During my introduction to psychology class at Ursinus College (because, well, I had to take something that semester), the professor covered a unit on cognitive biases. These are typically neat, and I dedicate a non-negligible portion of every week reading blogs on becoming less wrong1 and overcoming biases2.
One of the biases, however, really bugged me. It's called the 'representativeness bias.' Here's an example from an overview at About.com:
For an illustration of judgment by representativeness, consider an individual who has been described by a former neighbor as follows: "Steve is very shy and withdrawn, invariably helpful, but with little interested in people, or in the world of reality. A meek and tidy soul, he has a need for order and structure, and a passion for detail." How do people assess the probability that Steve in engaged in a particular occupation form a list of possibilities (for example, farmer, salesman, airline pilot, librarian, or physician)? ... In the representativeness heuristic, the probability that Steve is a librarian, for example, is assessed by the degree to which his is representative of, or similar to, the stereotype of a librarian.- Amos Tversky & Daniel Kahneman from Judgment Under Uncertainty: Heuristics and Biases
But where's the mistake here? Well, it amounts to the opposite of what known as the base rate fallacy. Basically, Tversky and Kahneman are answering an unconditional question, while the question posed seems to indicate we should answer using all of the evidence provided. For those versed in STAT100-level probability, that means the question asks \(P(L | E)\), where \(L\) is the event that Steve is a librarian and \(E\) is the event that the various characteristics (Steve is shy, etc.) are true. This is precisely what a person should do. They should incorporate the evidence that they observe when coming to a conclusion. But Tversky and Kahneman want the person to answer with \(P(L)\), the base-rate (unconditional) probability that Steve is a librarian.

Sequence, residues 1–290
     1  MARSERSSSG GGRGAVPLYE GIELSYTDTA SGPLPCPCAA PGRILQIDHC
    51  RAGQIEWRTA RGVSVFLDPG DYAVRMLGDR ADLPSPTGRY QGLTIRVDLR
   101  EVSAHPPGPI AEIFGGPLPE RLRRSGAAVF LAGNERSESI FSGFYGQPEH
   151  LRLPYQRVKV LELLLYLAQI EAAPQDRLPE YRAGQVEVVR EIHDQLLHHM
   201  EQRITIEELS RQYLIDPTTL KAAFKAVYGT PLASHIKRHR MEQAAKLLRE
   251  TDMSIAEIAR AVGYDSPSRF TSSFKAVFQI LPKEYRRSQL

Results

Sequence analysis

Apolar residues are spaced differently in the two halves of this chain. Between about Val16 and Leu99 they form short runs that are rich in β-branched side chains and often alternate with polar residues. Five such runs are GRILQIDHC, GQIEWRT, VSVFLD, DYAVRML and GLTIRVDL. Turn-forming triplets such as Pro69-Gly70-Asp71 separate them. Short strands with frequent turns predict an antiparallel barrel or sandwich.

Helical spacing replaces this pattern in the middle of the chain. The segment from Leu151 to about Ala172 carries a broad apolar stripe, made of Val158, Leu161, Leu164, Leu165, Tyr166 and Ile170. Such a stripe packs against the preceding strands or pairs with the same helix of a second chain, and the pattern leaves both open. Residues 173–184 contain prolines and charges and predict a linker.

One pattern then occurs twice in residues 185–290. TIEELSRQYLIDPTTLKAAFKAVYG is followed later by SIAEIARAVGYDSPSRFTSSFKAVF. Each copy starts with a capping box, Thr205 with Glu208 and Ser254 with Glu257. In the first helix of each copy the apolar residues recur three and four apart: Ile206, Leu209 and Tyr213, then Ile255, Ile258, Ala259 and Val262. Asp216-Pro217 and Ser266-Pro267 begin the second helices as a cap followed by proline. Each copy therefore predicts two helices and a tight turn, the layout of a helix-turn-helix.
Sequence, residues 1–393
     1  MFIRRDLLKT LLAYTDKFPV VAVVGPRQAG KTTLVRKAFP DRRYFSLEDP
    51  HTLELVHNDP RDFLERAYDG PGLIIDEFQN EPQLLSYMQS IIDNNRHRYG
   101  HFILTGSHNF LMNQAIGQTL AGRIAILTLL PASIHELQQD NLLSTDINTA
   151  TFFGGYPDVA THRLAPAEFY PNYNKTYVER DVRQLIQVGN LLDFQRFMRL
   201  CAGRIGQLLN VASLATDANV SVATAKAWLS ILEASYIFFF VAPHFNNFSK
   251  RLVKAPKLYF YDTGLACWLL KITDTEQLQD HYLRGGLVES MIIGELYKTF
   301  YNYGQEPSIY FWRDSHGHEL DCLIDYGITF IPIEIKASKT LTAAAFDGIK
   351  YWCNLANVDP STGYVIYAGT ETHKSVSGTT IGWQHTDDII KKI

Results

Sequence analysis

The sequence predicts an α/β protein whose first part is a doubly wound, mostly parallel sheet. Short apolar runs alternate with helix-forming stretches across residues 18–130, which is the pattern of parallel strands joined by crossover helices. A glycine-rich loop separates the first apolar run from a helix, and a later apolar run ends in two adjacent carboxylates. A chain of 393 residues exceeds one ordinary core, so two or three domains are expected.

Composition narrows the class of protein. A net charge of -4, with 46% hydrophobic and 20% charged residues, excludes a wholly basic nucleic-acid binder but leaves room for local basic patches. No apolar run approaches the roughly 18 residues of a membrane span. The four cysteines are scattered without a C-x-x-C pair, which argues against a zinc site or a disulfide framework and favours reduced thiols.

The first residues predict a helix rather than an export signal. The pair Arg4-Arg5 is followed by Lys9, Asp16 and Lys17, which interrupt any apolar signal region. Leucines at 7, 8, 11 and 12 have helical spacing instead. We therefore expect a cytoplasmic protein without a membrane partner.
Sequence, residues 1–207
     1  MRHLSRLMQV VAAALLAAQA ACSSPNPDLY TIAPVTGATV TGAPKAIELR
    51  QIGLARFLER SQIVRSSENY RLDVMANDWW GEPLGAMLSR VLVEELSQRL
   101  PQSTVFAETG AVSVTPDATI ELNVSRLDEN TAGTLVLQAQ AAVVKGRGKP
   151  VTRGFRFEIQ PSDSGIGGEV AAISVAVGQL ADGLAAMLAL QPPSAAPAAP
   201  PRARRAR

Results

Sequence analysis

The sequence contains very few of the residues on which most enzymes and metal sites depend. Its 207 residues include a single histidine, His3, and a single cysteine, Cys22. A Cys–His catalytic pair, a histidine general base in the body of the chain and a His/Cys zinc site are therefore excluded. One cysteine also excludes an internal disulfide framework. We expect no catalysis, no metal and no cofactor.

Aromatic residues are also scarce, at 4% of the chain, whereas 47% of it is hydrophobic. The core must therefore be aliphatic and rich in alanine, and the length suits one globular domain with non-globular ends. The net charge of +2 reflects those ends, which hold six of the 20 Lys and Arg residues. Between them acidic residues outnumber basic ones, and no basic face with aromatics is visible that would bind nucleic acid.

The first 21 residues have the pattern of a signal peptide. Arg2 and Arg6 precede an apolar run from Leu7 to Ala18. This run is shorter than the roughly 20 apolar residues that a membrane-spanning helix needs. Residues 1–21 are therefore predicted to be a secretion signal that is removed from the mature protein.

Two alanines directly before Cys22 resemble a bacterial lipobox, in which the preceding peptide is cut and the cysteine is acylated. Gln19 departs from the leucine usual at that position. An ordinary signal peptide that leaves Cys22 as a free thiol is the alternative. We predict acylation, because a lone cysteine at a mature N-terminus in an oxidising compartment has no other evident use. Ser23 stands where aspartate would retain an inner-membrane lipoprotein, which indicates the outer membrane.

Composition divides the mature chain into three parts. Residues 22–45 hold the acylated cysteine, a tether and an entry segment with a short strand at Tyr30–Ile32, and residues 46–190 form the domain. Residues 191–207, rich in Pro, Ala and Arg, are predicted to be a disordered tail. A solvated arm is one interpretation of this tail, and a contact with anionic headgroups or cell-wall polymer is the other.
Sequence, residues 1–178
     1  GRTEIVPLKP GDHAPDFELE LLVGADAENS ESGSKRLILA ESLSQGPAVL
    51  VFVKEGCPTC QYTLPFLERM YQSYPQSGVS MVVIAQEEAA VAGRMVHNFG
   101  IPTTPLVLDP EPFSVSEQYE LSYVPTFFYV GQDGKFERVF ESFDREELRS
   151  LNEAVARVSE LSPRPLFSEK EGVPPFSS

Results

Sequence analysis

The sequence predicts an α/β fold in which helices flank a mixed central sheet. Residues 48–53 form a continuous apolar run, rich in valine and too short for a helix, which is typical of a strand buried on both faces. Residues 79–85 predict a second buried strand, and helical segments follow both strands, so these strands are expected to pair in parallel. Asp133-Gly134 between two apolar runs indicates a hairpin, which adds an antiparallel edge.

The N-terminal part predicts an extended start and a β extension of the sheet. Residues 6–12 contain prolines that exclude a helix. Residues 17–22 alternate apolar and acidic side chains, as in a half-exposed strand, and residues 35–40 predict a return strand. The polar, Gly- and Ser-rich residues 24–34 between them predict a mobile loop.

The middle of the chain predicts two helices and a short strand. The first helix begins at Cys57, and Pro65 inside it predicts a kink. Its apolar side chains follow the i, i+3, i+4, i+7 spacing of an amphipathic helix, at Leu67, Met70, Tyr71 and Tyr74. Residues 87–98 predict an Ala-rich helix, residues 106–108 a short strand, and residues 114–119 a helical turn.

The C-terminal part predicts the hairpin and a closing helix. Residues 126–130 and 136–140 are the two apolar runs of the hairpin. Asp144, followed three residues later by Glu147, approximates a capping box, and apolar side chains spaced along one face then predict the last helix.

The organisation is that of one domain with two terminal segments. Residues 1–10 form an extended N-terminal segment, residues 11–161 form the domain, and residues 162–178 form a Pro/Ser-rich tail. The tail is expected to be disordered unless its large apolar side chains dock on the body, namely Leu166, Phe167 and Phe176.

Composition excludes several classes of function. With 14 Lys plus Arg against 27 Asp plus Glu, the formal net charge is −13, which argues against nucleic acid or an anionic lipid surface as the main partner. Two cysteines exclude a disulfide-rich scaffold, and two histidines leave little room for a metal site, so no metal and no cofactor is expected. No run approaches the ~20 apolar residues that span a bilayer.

I don't think using evidence should count as a bias.
I should mention here that I really don't like Eliezer Yudkowsky's rampant pro-Bayesianism. I read this when I was an impressionable youth. Fortunately, a good course in probability theory dissuaded me of the misconception that there's anything magical about Bayes's Theorem: it's just an application of the definition of conditional probability and the Theorem of Total Probability. Bayesianism, on the other hand, is a topic for a different day.↩
Fun bonus fact: If you search for Overcoming Bias in Google, you'll find that Google has mischosen the picture for Robin Hanson to be that of his son, here. At least, they did until I hit the 'Wrong' button on their site. Time will tell if they update their web crawler.↩